Saturday, October 30, 2010

Happy Halloween!

Tick-or-treat! Have a fun and safe Halloween weekend everyone!

Friday, October 29, 2010

Learn it All!

On Wednesday and Thursday this week, we had the pleasure of teaching Sophie from San Francisco everything she wanted to learn about making soap and other bath and body products. Here's what was made with instructors Anne-Marie, Erik, and Kat: liquid soap in two stages, cold process beginning and advanced, lotion making, bath bombs, and melt-and-pour techniques beginning and advanced. Sophie is sensitive to fragrance oils, so we used pure essential oils for all of her products and had a lot of fun experimenting with scent blending.

Thank you Sophie, we had so much fun and wish you the very best on your future soaping endeavors!

Interested in taking a private class? Sign up here or give us a call at the store at (360) 676-1030 to schedule a session. Plus, we have Early Bird registration for Soap Weekend Intensive 2011 at a discounted price through March 1st, where soapmaking is taken to the next level and taught by an all-star cast of instructors. Hurry, this event fills fast!

Wednesday, October 20, 2010

'Tis the Time for Gift Making!

Last night was our first Gift Givers Class of the season, and it was a blast! We made lip balm from scratch, bath fizzies, and salt and sugar scrubs. Each person created unique gifts for four people, with personalized scent, color, and additives such as rose petals, lavender buds, apricot seed powder and ground loofah. Above are some other examples of handmade holiday presents, including soy candles and the ever-popular gingerbread man soap. If you can't make it to one of our classes, here's a fun little bath fizzy tutorial inspired by student Jeanine who created beautiful blue snowflake fizzies in last night's Gift Givers group. Our next class will be on Tuesday November 30th at 6pm, $30.

Here's what you'll need:
Witch hazel in a spritzer bottle
Baking Soda
Citric Acid

Step 1.
Combine 1/2 cup citric acid and 1 full cup baking soda. Blend well and add 2 ml fragrance. I used Peppermint 2nd Distillation Essential Oil.

Step 2:
Add color and blend. Just the tip of a teaspoon is all you need! I used Cellini Blue Mica pigment. Blending everything together is key so that you don't end up with little bumps in the end.

Step 3:
While hand-mixing, spritz with witch hazel. This will bind the batch together so it holds shape in the mold. Too little witch hazel creates a loose and crumbly fizzy, and too much be too wet and set off the fizzy process.

Step 4:
When you can squeeze the mix in your hand and it holds its shape, you are ready to fill the mold!

Step 5:
The harder you compact the mixture into the mold, the firmer and longer-lasting your bath fizzy.

That's it! Now turn over your mold to pop them out and set them on the table to dry for a few hours. Careful, they will drop out really quickly and if you are holding your mold up high, they could fall and break on the counter. Also, keep in mind that if you spray them with witch hazel as a final touch to add hardness, it will set off the fizzy process on the surface and blur those gorgeous details.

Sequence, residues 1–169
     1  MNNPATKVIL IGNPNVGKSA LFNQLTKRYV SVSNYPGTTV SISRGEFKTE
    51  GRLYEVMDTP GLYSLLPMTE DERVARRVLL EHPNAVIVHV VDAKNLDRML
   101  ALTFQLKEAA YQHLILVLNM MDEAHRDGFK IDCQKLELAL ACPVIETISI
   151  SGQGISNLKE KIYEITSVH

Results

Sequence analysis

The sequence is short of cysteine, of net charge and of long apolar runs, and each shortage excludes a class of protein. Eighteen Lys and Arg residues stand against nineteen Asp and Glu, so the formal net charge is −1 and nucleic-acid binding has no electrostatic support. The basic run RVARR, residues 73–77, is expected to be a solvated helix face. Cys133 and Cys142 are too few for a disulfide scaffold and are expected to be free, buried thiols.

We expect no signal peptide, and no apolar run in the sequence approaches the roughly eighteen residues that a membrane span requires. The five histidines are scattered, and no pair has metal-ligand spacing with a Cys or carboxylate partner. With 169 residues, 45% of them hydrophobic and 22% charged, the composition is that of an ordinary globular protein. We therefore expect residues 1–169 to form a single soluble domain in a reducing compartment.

Wasn't that easy? Bath fizzies are really fun and make great gifts, plus the kids will be begging for bath time. For a bigger batch (this made 8 fizzies), simply follow the basic recipe of 1 part citric acid to two parts baking soda. Enjoy!

Wednesday, October 13, 2010

Lavender Test Batch

Testing, testing! I'm really excited about this new lavender fragrance oil we're trying out. So far it has performed beautifully in cold process soap and the fragrance is incredible-- I can't tell it apart from the real thing! I used ultramarine violet oxide and left the rest of the soap uncolored (notice how white without the use of titanium dioxide!).

Many customers have come to me asking for help with the ultramarine violet pigment, saying it won't change colors or that it goes gray. I have experienced that as well, but only when I hand-mix the color in. I really recommend stick-blending the pigment in the raw soap to activate the color. It needs a little extra force to break it up, but then you'll see it burst into violet.

Quick Swirl Tip!
For a basic yet striking swirl pattern, I only colored about 1/4 of the batch and left the rest neutral (if you have a fragrance with vanilla in it, you will need to add titanium dioxide to lighten it, otherwise the soap will brown). Begin by pouring a layer of white, then pour a small amount of violet in an "S" pattern from one end to the other, go back with a layer of white, and repeat with the violet pattern until the mold is full. Leave it or do a figure-eight with a spoon or knife for further detail.

Above is a shot of the cold process batch going through "gel phase." You can tell by the darker center that has a transparent appearance. This happens when you insulate your soap and the heat rises, which quickens the saponification process. Many soapmakers prefer un-gelled soap for its silky and velvety texture. Also, keep in mind not to insulate milk soap because the high temperatures will burn the milk. The soap was about 120F degrees at this point.

Tuesday, October 5, 2010

Pumpkin Lager Halloween Soap

This beer scent is a favorite in the Bramble Berry warehouse. Fall in love with the magical and warm blend of Pumpkin Puree, Fresh Ginger, Crushed Nutmeg, Warm Cinnamon, Vanilla Sugar and Sparkling Rum. It accelerates trace in cold process soap and discolors to a dark brown. Recommended usage rates in cold process are 1/2 oz. per pound of soap. Now at Otion!

The Flexible Skull mold is my favorite for this time of year. I love mixing in a little antique blue mica and black oxide pigment to pop out the amazing details. For all your Halloween soap project needs, click here!